On 28th March, 1960, Mario Bava began shooting Black Sunday, with the working title, The Mask of the Demon, at Scalera Film Studios, with many of the exterior locations filmed at a Castello, in Arsoli, in Rome, owned at the time by Prince Vittorio Massimo; this was a trait of the Italian gothics, especially those made between 1956 and 1966, as many of the Princes’ and Counts’ were penurious, and often looked to rent out their properties to Italian film productions. For the dual roles of Princess Asa / Katia, Mario Bava chose Eighteen year old Barbara Steele, an English actress from Birkenhead, in Cheshire, and the director reportedly admitted that she was, “somewhat irrational at times and afraid of Italians”, and according to Germana Dominici, who played the role of the young Innkeeper’s daughter, Sonya, she told of how the actress failed to materialise on set, simply because someone had informed her that the director had perfected a specialised film stock that made fully clothed people suddenly appear naked; eventually, Bava tracked her down to her suite at the Grand Hotel, where he explained that if he had invented such a film stock, he wouldn’t have to work for a living anymore, however, he also saw the enormous potential that Steele possessed, especially within her dark beauty, and although the pair never worked together again, Mario Bava regretted this, believing that she had the perfect face for his films.

Barbara Steele admits that she never saw a script for Black Sunday, stating, “We were given the pages day to day, we hardly had any idea of what was going down on that film, we had no idea at the end or the beginning either, not at all, I’m sure that Bava knew, maybe he didn’t, but he was a very private man, and had a fabulous eye, he knew exactly what he wanted; everything was perfectly orchestrated with his sense of framing and light”. Alongside Barbara Steele was John Richardson, who today works as a photo journalist, but his career path almost follows that of his co-star, and was a male model, before being signed by Rank. Richardson performed opposite Barbara Steele when she featured in a screen-test for her very first movie, Bachelor of Hearts (1958) and again in Sapphire (1959) and both Richardson’s and Steele’s contracts were sold by Rank to 20th Century Fox, however, Steele left the organisation, whilst Richardson stayed for many years, featuring in many Hammer horror productions, such as She (1965), One Million Years B.C. (1966) and The Vengeance of She (1968), as well as performing in many Italian exploitation films, including Sergio Martino’s Torso (1973) and Umberto Lenzi’s Eyeball (1975).

Originally, the head of Galatea Films, Nello Santi, wanted Mario Bava to shoot the picture in colour, but the director held firm, and insisted black and white would give the movie a more gothic feel, keeping with the look of the old Universal classics, and in this respect, there is little doubt that part of Black Sunday’s undeniable charm lies with Bava’s beautiful cinematography, alongside Giorgio Giovannini’s stunning production design, which includes a magnificent cemetery and a haunting chapel and crypt. Moreover, many of the film’s special effects, lovingly crafted by Mario Bava, with the help of his father, Eugenio, who created many of the wax masks and the “Mask of Satan”, which had been sculptured in bronze, wouldn’t have had the same effect if they had been filmed in colour; one particular example of this, we could suggest, would be the scene where Princess Asa and her counterpart, Katia, are side by side in the Vajda family crypt; Katia appears to age rapidly whilst Asa rejuvenates at an equally alarming rate.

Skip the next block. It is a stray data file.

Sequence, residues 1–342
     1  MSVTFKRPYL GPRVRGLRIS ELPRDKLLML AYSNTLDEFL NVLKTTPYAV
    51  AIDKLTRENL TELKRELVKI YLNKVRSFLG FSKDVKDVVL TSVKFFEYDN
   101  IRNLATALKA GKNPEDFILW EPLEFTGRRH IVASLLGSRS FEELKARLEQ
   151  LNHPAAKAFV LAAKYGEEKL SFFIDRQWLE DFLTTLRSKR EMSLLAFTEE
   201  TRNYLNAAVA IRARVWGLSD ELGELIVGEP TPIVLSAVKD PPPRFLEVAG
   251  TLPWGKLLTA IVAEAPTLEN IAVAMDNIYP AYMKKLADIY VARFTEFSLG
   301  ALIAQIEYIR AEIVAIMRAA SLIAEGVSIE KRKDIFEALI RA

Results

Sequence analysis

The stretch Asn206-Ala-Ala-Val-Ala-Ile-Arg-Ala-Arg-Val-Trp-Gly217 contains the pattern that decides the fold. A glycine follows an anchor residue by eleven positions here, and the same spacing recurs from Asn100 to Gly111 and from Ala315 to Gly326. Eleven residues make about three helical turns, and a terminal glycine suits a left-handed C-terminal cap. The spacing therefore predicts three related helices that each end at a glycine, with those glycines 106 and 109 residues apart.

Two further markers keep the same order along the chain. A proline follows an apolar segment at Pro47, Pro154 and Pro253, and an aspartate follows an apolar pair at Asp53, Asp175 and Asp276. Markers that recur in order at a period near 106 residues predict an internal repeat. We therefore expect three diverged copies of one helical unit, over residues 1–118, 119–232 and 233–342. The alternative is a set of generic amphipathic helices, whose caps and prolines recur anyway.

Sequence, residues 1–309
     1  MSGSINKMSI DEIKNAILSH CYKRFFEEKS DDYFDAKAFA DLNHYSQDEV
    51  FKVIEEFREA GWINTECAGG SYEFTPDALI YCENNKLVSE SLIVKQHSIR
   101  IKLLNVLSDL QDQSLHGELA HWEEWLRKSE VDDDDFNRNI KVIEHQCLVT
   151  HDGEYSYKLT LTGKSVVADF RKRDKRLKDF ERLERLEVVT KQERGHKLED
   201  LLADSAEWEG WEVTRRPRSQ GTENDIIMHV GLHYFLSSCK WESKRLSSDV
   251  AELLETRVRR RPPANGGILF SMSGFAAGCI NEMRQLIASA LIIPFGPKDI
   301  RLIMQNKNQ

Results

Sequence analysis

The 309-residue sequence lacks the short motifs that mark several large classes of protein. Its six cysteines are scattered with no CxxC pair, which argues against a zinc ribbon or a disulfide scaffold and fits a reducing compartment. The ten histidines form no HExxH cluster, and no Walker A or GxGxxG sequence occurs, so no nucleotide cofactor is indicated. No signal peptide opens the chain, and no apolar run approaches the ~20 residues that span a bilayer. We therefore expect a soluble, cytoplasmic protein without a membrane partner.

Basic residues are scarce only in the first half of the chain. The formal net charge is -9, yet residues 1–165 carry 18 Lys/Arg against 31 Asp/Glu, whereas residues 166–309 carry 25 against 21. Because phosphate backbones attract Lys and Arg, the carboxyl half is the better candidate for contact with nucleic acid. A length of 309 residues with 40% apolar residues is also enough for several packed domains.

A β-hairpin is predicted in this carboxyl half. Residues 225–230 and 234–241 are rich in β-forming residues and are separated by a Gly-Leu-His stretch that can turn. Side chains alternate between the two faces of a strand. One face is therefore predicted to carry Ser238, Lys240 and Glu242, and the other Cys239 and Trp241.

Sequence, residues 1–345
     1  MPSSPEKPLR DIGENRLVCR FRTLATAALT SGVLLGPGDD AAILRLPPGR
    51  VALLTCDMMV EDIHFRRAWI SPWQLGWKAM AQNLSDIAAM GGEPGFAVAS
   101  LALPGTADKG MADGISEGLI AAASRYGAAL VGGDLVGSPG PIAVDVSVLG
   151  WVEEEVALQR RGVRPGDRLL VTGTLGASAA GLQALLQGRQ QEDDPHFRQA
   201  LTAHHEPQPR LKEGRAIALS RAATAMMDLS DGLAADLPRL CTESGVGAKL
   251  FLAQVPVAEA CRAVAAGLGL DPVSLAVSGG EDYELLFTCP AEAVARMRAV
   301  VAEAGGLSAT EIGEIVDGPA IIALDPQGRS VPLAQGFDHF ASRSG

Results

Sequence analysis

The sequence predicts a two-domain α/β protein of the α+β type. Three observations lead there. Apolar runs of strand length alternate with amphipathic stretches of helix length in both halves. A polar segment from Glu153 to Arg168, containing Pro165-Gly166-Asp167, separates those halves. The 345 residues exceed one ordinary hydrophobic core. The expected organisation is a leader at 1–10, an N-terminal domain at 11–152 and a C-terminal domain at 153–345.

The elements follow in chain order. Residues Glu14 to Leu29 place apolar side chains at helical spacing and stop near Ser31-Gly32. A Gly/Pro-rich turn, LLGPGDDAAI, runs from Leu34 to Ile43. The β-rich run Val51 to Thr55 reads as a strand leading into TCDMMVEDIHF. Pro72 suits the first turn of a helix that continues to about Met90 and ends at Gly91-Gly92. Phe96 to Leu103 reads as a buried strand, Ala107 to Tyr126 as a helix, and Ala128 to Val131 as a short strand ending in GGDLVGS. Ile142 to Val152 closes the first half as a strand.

As we have already discussed, Bava used this effect on I Vampiri, but on Black Sunday, he perfected it, and how, as the effect looks truly superb; the same effect is also used again when Asa burns at the stake towards the end of the film. We also have to talk about the performance of Barbara Steele in the picture, and there are many scenes we could discuss, but we’ll look at the scene where Princess Asa bursts from her tomb, and calls for the terrified Dr. Thomas Kruvajan to join her, thereafter draining him of life, he finds Asa both attractive and repulsive, and we can identify with him, as she radiates an alluring sense of sexuality, and yet, the hideous look on her face, the bulging eyes and insidious grin can quite literally unnerve, and yet we remain transfixed as the scene progresses, it really is a terrific performance from Steele.

Overall, we can see why both Mario Bava, and the beautiful Black Sunday, are so revered amongst horror aficionados around the world, as it is such a wonderful movie, timeless and historic, with some truly exceptional performances, most notably from Barbara Steele and John Richardson, but it is with Bava’s direction and vision, coupled with his eye for capturing an atmospheric and generally haunting scene, together with some remarkable special effects that is something to behold in every sense of the word, and the fact that this picture was his directorial debut makes it even more of an outstanding achievement; from Roberto Nicolosi’s breathtakingly superb score, Giorgio Giovannini’s stunning sets, not to mention Tina Grani’s delightful costumes, we can easily understand why, and now, we can sit down and watch the movie, alongside many of his other pictures, many of which are now being restored and given the high definition treatment, subsequently released onto Blu-ray, meaning they can be enjoyed time and time again, by a whole new generation of horror movie fans, both young and old, many of whom may not have experienced a Mario Bava chiller before, and by all accounts, Black Sunday would almost certainly be the perfect place to start.